The German Shepherd Dog Breed

The German Shepherd dog breed includes various varieties and types. You are probably acquainted with a few of these dogs, which have attributes that are at a distance from the limitations of the German Shepherd standard, thus these distinctions are prohibited. There are two that are commonplace. These are the long haired German Shepherd and the white German Shepherd.
As an example, long coated GSDs are mentioned in the breed standard, but don’t meet the model defined in it, although all German Shepherds carry the recessive gene for long hair. Long coated German Shepherds are German Shepherd dogs, but since the long coat is considered a disqualification, they are not accepted as correct representatives of the breed.
These dogs are not admitted as suitable specimens of the breed mainly because they don’t have the undercoat which German Shepherds with short hair do. Dogs with no undercoat are not waterproof. In a previous article I explained that German Shepherd dogs were established originally as working dogs, so if they are not waterproof that would be a handicap to the dog’s working ability.
Nonetheless, these German Shepherds are being bred mostly in North America. Some breeders are solely devoted to breeding long coated German Shepherds. In Europe, there is a separate club dedicated to promote this variation of the breed, which is named the Old German Shepherd. Some breeders and owners just like the way they look, but others have different reasons to breed long haired German Shepherds; for example, that they don’t shed as much as the short haired version.
There are two types of long coats:
I- The Long Smooth Coated German Shepherd Dog
These dogs have a weatherproof coat, but not as much as the medium smooth coat. Normally, these dogs have considerably longer hair in and behind the ears, and behind the forearms and loin area. The tail is fluffy and with a slight feathering underneath. Normally these dogs have a narrower chest and muzzle.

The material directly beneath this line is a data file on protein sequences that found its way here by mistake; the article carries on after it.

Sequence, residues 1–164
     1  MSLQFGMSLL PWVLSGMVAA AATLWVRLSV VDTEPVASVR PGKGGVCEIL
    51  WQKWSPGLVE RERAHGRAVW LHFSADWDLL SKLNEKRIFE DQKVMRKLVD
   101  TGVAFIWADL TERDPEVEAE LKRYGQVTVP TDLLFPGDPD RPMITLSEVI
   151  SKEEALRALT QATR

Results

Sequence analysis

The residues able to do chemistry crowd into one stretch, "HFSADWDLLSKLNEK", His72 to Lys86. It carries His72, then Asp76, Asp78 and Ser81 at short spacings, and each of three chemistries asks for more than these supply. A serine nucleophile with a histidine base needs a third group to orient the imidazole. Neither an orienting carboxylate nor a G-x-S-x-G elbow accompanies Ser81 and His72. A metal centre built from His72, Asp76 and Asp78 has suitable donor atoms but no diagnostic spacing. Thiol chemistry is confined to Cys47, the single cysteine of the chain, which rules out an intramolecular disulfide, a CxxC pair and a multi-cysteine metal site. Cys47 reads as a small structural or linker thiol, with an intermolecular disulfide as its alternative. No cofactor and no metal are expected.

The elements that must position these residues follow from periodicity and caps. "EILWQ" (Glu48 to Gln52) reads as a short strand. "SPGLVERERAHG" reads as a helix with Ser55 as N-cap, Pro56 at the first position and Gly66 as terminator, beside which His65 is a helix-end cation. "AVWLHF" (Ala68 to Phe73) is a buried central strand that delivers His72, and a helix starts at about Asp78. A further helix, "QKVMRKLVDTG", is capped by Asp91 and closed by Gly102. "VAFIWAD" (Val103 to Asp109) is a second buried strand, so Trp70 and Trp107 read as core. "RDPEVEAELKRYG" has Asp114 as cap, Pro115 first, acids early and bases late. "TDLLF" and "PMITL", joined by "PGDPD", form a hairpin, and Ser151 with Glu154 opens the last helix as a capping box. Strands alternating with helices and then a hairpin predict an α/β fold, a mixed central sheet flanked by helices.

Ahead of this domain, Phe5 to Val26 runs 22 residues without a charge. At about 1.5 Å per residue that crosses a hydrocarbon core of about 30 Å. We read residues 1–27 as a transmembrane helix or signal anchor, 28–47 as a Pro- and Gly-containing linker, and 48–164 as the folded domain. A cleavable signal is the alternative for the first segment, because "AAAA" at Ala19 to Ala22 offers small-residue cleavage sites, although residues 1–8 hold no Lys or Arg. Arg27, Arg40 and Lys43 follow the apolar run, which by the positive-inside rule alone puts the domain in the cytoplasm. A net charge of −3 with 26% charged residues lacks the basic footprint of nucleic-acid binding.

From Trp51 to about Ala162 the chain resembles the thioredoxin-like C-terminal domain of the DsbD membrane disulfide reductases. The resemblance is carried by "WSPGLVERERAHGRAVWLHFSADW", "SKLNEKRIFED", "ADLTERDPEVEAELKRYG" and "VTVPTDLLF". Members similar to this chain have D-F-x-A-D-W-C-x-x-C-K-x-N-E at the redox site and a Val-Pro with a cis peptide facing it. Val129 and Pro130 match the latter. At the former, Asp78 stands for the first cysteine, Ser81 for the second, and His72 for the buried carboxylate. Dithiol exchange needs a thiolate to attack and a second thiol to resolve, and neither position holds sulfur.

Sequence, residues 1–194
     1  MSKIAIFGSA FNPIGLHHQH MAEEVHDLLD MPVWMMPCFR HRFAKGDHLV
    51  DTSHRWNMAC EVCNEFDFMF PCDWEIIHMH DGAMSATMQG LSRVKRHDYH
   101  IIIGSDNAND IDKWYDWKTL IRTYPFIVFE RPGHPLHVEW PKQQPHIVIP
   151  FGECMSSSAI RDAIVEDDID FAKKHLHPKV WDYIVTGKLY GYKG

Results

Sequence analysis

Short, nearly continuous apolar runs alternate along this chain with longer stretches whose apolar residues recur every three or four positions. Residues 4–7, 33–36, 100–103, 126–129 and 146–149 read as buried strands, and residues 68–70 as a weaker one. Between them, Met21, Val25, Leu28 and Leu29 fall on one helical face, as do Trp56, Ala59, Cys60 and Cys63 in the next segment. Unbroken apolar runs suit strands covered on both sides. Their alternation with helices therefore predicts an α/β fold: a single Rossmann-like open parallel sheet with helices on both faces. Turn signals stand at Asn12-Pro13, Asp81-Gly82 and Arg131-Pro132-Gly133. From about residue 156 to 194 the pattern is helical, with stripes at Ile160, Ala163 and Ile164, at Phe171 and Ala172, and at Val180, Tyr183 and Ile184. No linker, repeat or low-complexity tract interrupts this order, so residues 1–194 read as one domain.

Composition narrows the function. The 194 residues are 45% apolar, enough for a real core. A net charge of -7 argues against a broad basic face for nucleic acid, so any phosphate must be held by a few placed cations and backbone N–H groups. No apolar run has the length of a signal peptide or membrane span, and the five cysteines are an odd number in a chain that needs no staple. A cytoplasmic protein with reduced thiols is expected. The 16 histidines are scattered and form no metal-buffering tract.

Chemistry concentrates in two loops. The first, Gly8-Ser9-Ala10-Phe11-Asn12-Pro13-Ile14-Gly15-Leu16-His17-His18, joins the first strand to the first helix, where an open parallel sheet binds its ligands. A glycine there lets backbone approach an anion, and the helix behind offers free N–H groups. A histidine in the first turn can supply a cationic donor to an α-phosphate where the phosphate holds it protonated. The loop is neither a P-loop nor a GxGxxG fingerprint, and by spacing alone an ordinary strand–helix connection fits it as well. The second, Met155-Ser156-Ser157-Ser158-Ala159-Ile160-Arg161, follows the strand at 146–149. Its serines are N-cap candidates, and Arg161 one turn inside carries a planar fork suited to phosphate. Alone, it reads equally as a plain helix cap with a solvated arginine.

II- The Long Coated German Shepherd Dog
This coat is notably longer than the previous one and is normally very soft and parts along the back.
The white German Shepherd is another type of GSD which has a characteristic which is considered a fault. This variety is being bred in North America as a separate breed, called the American White Shepherd. The white German Shepherd is a GSD and inconsistent to what some people believe, it is not rare or albino. They have a white coat, dark eyes and have black noses and pads.
When the first German all breed dog show was held in 1899 in Germany, Stephanitz and his friend, Arthur Meyer were searching for a dog that was intelligent, strong and healthy. They wanted a medium sized dog with erect ears that had a weatherproof coat. A dog that was outgoing, trainable and friendly. They came across Hektor Linksrhein, who was later renamed Horand von Grafrath. This dog carried recessive white genes.
Back in those days many herdsmen wanted dogs with white coats, because they were easier to differentiate from European wolves, which were darker. With Hektor as the basis for the breed, the white coat was an aspect that was enhanced.
In 1912, the first German Shepherds were imported into the US and immediately, white puppies started to show up in the litters. In “The German Shepherd Dog” published in 1921 von Stephanitz included a photo of a white German Shepherd, which was a direct descendant of Hektor.
In 1933, when Hitler declared a state of emergency and the German Nazi party took control of all aspects of the German society, they also took control of the German Shepherd Dog Club of Germany. After that, white coats were made a disqualifying factor in the breed standard. Although at that time Hitler thought that the white genes brought about color fading in regular dogs, now we know that the color fading gene is different from the white recessive gene.
In 1964, aficionados of the white German Shepherd in California started the first White German Shepherd Dog Club. In 1969, the White German Shepherd Dog Club of America was formed.